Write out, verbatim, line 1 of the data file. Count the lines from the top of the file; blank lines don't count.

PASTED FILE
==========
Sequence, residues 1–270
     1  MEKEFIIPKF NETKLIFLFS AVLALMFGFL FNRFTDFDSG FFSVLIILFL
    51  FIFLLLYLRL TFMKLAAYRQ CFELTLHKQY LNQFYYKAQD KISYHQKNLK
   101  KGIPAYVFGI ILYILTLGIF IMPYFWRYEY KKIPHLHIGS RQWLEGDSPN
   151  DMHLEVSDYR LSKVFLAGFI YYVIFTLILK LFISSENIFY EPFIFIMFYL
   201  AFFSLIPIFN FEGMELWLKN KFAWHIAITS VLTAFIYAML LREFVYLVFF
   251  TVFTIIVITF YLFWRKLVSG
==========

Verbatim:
Sequence, residues 1–270